The New Tax Law and Your Mortgage Interest Deduction

calculating taxes

Tax day is sneaking up on us.

If you have a big mortgage or home equity loan, the new tax law will affect you. The Tax Cuts and Jobs Act (TCJA) trimmed two important tax breaks for homeowners and left another big one completely untouched. So what does it all mean for housing? New limits on home mortgage interest deductions. Here’s how the new law limits itemized deductions for mortgage interest:

Under the old tax law all property taxes paid to state and local governments could be claimed as an itemized deduction. It was also possible to deduct state and local income or sales taxes. The new law bundles all these so-called “SALT” taxes together and limits the deduction, in total, to $10,000 for both individuals and married couples.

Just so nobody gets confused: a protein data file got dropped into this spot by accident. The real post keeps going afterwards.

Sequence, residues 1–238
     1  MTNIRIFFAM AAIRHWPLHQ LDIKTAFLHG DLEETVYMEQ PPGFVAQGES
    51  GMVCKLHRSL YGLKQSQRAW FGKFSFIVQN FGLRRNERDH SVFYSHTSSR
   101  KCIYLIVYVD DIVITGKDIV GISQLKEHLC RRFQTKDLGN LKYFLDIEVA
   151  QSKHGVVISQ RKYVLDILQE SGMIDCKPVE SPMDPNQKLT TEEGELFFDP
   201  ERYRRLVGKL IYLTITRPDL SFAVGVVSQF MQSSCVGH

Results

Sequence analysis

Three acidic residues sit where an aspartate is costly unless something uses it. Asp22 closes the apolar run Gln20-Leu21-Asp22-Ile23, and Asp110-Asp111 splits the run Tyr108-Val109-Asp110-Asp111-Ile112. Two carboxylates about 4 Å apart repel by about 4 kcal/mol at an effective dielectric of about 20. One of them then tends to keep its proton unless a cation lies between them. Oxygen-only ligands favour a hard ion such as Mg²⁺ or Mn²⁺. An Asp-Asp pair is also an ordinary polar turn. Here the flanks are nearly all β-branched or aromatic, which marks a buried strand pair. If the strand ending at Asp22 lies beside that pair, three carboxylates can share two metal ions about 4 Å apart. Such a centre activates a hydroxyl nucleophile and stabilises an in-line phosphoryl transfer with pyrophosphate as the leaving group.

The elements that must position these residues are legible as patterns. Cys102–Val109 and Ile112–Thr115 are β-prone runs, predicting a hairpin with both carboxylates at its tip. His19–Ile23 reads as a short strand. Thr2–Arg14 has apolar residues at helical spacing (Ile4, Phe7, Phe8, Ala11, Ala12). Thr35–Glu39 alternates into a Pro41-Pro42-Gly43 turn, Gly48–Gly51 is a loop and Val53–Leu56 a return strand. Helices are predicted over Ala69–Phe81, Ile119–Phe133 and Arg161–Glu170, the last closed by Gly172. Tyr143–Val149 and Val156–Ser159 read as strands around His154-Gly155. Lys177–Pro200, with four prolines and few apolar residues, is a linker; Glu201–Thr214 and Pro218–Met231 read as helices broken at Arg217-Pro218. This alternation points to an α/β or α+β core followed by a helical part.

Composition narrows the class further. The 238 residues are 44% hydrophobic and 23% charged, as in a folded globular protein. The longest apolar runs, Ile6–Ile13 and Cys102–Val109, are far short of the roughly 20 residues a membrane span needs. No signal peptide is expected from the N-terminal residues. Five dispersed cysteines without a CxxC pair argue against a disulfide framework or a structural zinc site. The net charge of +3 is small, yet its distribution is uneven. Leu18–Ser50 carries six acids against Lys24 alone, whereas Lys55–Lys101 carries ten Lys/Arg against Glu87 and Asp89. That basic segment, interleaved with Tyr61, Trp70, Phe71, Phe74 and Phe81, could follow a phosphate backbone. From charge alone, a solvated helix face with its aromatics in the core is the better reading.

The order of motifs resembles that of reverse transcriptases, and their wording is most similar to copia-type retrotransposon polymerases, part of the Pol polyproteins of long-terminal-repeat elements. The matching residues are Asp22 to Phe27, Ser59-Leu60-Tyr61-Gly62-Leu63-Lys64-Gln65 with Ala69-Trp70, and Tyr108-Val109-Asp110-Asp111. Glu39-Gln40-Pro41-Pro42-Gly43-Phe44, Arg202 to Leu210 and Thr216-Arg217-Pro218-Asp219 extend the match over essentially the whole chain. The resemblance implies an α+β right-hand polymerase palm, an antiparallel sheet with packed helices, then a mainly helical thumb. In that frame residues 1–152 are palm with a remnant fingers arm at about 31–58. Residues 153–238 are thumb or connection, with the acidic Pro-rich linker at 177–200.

For homeowners in high-tax areas such as New Jersey, $10,000 does not come close to covering their combined property and income tax bills. There was, unsurprisingly, a rush by homeowner prepay property taxes 2018 so they could be deducted on 2017 taxes. Some of those prepayers may be disappointed. The IRS said on December 27 that only those 2018 taxes that had already been assessed were eligible for prepayment.

Even if the SALT and mortgage-interest changes do not impact you directly, do not assume your net after-tax housing costs will remain the same. The new law roughly doubles the standard deduction to $12,000 for an individual filer and $24,000 for married couples filing jointly. For many couples, the increase in the standard deduction will cancel out the benefit of itemizing, since their mortgage interest and $10,000 SALT deduction combined, won’t exceed $24,000. Many homeowners will be blissfully unaffected by the TCJA’s new limits on deducting home mortgage interest. But folks with larger mortgages and home equity loans must take heed.

Read full article here 

Further reading: 11 Things to Know About Mortgage Interest Deductions for 2018

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